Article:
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Penn State quarterback Sean Clifford says he’ll be back to 100% for Ohio State game

Clifford was injured Oct. 9 against Iowa. He returned Saturday, but was not at full strength against Illinois. The Nittany Lions lost both games.

Penn State quarterback Sean Clifford passes during the loss to Illinois on Saturday.
Penn State quarterback Sean Clifford passes during the loss to Illinois on Saturday.Read moreBarry Reeger / AP

The Penn State offense has suffered through much adversity in its last two games, and not only because Sean Clifford isn’t Superman.

The durable and gutty fifth-year senior quarterback has shown his toughness time and again taking some hellacious shots, whether it’s in the pocket trying to find an open receiver or dashing into the secondary with would-be tacklers seeking that big hit.

However, a clean shot to the ribs from Iowa linebacker Jack Campbell in the Oct. 9 game won 23-20 by the Hawkeyes knocked Clifford out of the game and changed the arc of a Nittany Lions season that saw the team start 5-0 and move up to No. 4 in the country.

The Lions offense has had no answers since. Ta’Quan Roberson, who had yet to take a significant snap despite being in his third year in the program, led the unit to just one field goal in two-plus quarters on the field at Iowa.

Clifford returned Saturday at much less than 100% in a nine-overtime loss to Illinois and did not run the ball beyond the line of scrimmage, keeping his bruised upper body out of harm’s way and leading some to wonder if a 100% Roberson might have been a better option.

The good news is that Clifford said Wednesday he expects to be at full strength for the No. 20 Nittany Lions (5-2, 2-2 Big Ten) on Saturday night. The bad news is that No. 5 Ohio State (6-1, 4-0) will be the opponent on its home field in Columbus with an offense that averages 49 points a game going against a team that has scored 38 points in its last two contests.

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What Penn State needs to get fixed — still — is its run game. The Lions rushed for just 62 yards against Illinois, failing to take the pressure off Clifford even if head coach James Franklin wanted to emphasize the run.

“When you have a shift or you have a change or you have some injuries, and you have to rely more on other things, then that becomes challenging, especially when you’re not running the ball the way you need to,” Franklin said. “That was the plan, to run the ball a little bit more and take some pressure [off the quarterback]. We weren’t able to do it effectively enough to really be able to dictate the terms of the game.”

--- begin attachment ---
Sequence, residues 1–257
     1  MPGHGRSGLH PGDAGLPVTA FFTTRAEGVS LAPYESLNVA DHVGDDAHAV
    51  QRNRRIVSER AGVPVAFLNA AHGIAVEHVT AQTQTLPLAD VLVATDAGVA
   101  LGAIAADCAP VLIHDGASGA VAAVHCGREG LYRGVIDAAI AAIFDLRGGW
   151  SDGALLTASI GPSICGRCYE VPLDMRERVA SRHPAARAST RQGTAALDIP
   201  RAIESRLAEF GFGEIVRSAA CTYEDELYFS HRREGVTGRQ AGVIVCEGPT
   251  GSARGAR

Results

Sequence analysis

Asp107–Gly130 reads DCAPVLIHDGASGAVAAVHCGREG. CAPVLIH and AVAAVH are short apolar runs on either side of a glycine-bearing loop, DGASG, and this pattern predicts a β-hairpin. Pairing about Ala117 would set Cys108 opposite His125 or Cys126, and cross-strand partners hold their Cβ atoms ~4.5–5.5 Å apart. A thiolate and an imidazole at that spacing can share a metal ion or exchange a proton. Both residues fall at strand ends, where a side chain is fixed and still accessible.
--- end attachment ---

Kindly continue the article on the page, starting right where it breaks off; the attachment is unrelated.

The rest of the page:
Clifford said he’s not worried about pressure, that he’ll do whatever it takes to get the offense rolling again.

“I’m going to do everything in my power to get the job done,” he said, “whether that be in the throw game or the run game. I have a lot of trust in the offensive line, the running backs, the wide receivers, everybody, to get their job done. So it’s just a 1-0 mentality trying to figure out what works. If we need to run the ball, then we need to run the ball. If we need to throw the ball, we need to throw the ball. So I’m not going to get too caught up in specifics.”

Penn State’s running backs continued to struggle. Last week’s starter, sophomore Keyvone Lee, left the game in the third quarter with an undisclosed injury and did not return. Devyn Ford sat out last week after being injured against Iowa. Noah Cain, the only tailback to play in the overtimes, led the team with 43 yards in 11 carries.

Of course, the Lions are a better team with Clifford using his legs to extend a play or take off if there’s an opening. He was trying to avoid the big hits last week because “I know my body,” but won’t hesitate this week to take risks if means a big gain.

“I’m going to have to make plays that are there,” he said, “and if that means sacrificing my body for a first down or a touchdown, I’m going to do it.

“I think for sure you’ll see a difference. I feel a lot better. Obviously I think that my game also adds being able to run. That’s what I pride myself on … being able to make those plays when the pocket’s breaking down and you need that extra few yards. I’m looking to have that back to 100% on Saturday and be able to extend plays when they need to be extended.”

Nittany notes

Clifford was named Wednesday as one of 13 finalists for the William V. Campbell Trophy, recognizing a premier scholar-athlete for academic success, football performance, and leadership. Each finalist receives an $18,000 post-graduate scholarship, with the winner of the award having his scholarship increased to $25,000.

Clifford, who owns a 3.45 grade point average in public relations, said he was “really excited to be a finalist” but added, “It’s tough to sit back and look at any sort of accolade or any sort of trophy or anything like that when you have such a big game coming up this Saturday.”